Paying for private school tuition is often a consideration that is addressed during the divorce process, but not always. Sometimes, this issue leads to litigation after the divorce is already finalized. The best approach to address private school tuition if there is a desire for a child to attend private school, is to address it before the divorce is finalized as part of the marital settlement agreement. Negotiating and discussing educational matters ahead of time will likely avoid problems in the future. However, sometimes this is not possible, especially if private school tuition is not an issue that the parties anticipate in the future.
Can private school tuition be included in child support?
According to the appendix, IX-A to R.5:6 A, private school and parochial school tuition are not included in the New Jersey Child Support Guidelines and may be handled as an additional supplemental expense. Most litigation surrounds whether there should be an obligation under particular circumstances, as the Guidelines do not automatically impose the obligations on both parties.
Can a divorced parent be forced to pay for private school in New Jersey?
In accordance with New Jersey law, there are certain factors that the court is to consider to determine whether a non-custodial parent has a responsibility to contribute to a child’s secondary private school tuition. Some of those factors include the non-custodial parent’s ability to pay, whether or not it is in the child’s best interest to attend or continue to attend private school, whether there are certain special needs of the child that the private school meets, whether there is a religious issue prompting one parent’s desire to send the child to private school, whether there is a private agreement between the parties to pay for the child’s private school tuition, and whether the non-custodial parent has been involved in the child’s education. Not unlike many other issues in family matters, determining a dispute regarding the payment of private school tuition, is a fact sensitive determination to be made by the court.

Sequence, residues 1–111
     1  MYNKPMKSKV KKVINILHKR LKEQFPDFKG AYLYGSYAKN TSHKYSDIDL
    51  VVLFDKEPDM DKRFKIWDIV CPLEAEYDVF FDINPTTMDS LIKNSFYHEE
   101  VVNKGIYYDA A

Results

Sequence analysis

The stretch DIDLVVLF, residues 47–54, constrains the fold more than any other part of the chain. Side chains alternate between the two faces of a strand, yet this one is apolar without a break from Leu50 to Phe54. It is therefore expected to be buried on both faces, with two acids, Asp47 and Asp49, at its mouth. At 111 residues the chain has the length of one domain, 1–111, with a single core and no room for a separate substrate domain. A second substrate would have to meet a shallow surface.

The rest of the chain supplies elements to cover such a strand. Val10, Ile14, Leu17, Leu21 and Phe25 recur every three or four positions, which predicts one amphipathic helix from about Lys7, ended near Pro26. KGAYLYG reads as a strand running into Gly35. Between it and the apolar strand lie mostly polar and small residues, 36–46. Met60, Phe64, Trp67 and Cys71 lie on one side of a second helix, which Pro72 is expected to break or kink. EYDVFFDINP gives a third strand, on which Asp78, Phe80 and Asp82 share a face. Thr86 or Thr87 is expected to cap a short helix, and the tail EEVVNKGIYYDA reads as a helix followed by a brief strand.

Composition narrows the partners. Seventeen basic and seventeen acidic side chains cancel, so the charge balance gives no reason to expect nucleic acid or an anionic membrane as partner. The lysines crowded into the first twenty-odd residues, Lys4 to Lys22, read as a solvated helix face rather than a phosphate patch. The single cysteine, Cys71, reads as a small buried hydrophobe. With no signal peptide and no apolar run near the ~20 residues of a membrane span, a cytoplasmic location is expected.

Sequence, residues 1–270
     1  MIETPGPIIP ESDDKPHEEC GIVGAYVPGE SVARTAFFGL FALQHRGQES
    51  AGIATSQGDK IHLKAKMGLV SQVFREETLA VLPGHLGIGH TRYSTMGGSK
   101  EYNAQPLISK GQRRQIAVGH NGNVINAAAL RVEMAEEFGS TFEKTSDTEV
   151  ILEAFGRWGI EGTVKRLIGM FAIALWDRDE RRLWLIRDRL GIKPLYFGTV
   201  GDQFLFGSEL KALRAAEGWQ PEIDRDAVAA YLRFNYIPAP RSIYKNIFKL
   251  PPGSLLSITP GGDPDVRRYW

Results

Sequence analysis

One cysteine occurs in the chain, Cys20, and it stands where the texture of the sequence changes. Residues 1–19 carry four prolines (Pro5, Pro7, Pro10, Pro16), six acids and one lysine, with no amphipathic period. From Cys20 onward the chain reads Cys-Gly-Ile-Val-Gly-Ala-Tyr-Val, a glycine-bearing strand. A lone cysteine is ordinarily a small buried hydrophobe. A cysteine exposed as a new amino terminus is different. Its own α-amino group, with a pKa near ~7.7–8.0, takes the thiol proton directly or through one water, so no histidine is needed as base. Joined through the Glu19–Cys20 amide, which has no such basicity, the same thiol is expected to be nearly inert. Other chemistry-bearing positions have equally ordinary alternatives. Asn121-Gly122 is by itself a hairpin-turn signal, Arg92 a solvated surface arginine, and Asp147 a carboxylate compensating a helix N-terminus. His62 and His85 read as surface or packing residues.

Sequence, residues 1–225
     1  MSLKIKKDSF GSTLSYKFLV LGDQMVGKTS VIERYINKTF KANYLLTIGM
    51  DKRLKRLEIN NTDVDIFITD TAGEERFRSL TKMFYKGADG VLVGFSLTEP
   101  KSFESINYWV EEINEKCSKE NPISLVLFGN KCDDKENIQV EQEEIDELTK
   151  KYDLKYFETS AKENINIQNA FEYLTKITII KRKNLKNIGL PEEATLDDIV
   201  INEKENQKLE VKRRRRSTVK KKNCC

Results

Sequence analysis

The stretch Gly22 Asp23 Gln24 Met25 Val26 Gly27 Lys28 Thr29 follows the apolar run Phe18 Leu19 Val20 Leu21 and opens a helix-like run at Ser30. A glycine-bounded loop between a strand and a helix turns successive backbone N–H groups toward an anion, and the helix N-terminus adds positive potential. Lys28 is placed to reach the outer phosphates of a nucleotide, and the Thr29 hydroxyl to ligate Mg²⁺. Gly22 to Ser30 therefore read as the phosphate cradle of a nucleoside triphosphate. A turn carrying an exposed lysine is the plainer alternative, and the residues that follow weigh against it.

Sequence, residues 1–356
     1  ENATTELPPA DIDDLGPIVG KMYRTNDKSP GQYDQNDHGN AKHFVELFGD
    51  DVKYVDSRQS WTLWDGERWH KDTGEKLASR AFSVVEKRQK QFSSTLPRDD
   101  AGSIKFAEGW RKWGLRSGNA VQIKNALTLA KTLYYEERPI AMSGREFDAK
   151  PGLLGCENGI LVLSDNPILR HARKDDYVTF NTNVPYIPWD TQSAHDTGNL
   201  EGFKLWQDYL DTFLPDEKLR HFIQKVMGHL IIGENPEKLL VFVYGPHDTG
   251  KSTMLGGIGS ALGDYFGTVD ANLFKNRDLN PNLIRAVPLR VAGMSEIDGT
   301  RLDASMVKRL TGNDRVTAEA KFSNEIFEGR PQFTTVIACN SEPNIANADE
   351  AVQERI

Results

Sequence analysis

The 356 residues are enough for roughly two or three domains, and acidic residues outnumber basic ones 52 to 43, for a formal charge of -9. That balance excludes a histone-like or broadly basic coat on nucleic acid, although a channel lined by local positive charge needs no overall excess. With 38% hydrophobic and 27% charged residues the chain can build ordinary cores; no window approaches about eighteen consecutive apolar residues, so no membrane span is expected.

Can you deduct school tuition on taxes?
There is not a federal education credit or deduction, when paying for private school at the elementary or secondary levels. While there may be some exceptions to this rule, generally private school tuition is not tax deductible unless your child is attending a private school to address special needs.
Can you go to jail for not paying tuition?
Arguably if there is a court order requiring a person to pay private school tuition or an agreement where the parties agreed, negotiated and reached an agreement as to the payment of tuition, and one party does not meet those obligations, there are certainly consequences and sanctions that can be imposed to address enforcement issues, as it relates to expenses for the children. Jail can be a real sanction if the circumstances are extraordinary enough when it comes to non-payment of support for children, but certainly a much less used sanction, as courts are inclined to avoid such drastic measures when possible.
Do I have to pay half of private school?
Here at DeTorres and DeGeorge we work hard to make sure that our clients have the answers that they need to make the best choices for themselves and their families. Contact us today if you have questions about private school tuition. We are here to help!